La Niña wreaks havoc

Tuesday 18th Jan 2011 by theWeather Club

La Niña, meaning 'the girl', is the name given to a climate pattern that takes place in the eastern equatorial region of the Pacific Ocean when sea surface temperatures fall to consistently lower than average over a period of several months. It is the counterpart to El Niño ('the boy'), which occurs when Pacific temperatures rise. These changes in sea temperature have a significant impact upon global atmospheric circulation patterns, with a knock-on effect upon the weather around the world.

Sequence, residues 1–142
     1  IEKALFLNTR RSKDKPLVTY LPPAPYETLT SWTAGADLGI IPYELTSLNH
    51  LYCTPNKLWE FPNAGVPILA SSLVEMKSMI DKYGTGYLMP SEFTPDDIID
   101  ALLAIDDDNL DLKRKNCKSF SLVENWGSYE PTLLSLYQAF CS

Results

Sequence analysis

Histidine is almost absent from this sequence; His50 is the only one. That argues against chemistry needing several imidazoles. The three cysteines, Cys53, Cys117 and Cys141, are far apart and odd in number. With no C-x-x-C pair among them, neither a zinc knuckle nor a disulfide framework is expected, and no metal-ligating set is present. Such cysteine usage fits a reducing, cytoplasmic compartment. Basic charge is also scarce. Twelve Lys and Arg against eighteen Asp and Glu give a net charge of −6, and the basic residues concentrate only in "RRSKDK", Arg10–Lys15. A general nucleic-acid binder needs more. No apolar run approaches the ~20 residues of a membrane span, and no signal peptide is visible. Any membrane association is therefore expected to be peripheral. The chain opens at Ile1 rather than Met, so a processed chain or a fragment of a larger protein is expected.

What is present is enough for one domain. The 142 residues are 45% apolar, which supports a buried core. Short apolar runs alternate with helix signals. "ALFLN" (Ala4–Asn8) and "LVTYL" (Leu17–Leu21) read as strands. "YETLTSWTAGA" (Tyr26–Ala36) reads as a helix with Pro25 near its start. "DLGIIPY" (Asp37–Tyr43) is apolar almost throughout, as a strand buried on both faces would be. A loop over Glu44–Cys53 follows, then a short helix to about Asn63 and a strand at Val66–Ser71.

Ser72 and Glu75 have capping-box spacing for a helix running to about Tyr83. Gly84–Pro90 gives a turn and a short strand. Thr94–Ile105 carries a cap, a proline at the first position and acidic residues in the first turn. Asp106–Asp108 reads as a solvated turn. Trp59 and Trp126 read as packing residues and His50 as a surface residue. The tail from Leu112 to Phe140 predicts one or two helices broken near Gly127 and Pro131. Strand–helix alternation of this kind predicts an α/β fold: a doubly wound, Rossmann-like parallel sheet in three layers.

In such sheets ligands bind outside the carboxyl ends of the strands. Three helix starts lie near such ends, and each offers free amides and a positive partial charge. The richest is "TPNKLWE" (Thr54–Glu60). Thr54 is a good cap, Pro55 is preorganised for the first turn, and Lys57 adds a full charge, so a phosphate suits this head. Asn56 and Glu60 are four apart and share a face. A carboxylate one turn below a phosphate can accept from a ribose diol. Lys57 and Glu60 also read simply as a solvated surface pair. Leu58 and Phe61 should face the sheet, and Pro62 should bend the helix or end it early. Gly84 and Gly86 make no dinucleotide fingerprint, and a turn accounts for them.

The La Niña event currently in progress is one of the strongest in decades, and numerous countries are feeling the effects in the form of some genuinely extreme weather. Over the past month, the extraordinary impact of La Niña upon the Australian weather has been clear for all to see, with a deluge of almost biblical proportions causing devastating floods in what was previously a drought-stricken country. Colombia and Venezuela are also experiencing increased rainfall directly attributable to La Niña, leading to significant flooding in some parts. In Argentina, La Niña events typically result in a reduction in rainfall, and this year has been no exception. With rainfall far below average, the country's Ministry for Agriculture, Livestock and Fishing has declared a state of emergency for the farming industry in Salta and Córdoba provinces. Estimates for the Argentine corn yields have been dramatically downgraded and soybean crops are also being severely affected. As Argentina is an important exporter of crops, the impact is likely to be felt around the world in the form of higher food prices.